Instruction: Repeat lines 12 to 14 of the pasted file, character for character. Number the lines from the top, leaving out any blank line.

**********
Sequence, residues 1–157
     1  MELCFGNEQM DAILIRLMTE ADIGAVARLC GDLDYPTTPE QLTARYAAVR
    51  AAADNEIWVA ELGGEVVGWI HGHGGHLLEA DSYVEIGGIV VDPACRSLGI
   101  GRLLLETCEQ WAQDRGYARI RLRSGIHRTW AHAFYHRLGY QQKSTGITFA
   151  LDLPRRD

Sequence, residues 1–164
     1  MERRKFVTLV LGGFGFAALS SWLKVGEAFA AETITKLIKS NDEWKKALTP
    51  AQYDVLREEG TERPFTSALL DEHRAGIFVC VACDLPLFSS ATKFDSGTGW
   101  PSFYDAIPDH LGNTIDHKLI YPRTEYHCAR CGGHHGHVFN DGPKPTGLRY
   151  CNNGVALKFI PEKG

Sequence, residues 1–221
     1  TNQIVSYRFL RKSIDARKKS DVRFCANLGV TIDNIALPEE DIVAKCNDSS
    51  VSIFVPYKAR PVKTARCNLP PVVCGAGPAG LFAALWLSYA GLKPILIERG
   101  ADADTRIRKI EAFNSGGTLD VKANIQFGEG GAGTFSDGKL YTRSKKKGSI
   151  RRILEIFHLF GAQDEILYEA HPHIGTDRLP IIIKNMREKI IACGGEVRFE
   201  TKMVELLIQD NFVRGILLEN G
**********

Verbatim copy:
     1  TNQIVSYRFL RKSIDARKKS DVRFCANLGV TIDNIALPEE DIVAKCNDSS
    51  VSIFVPYKAR PVKTARCNLP PVVCGAGPAG LFAALWLSYA GLKPILIERG
   101  ADADTRIRKI EAFNSGGTLD VKANIQFGEG GAGTFSDGKL YTRSKKKGSI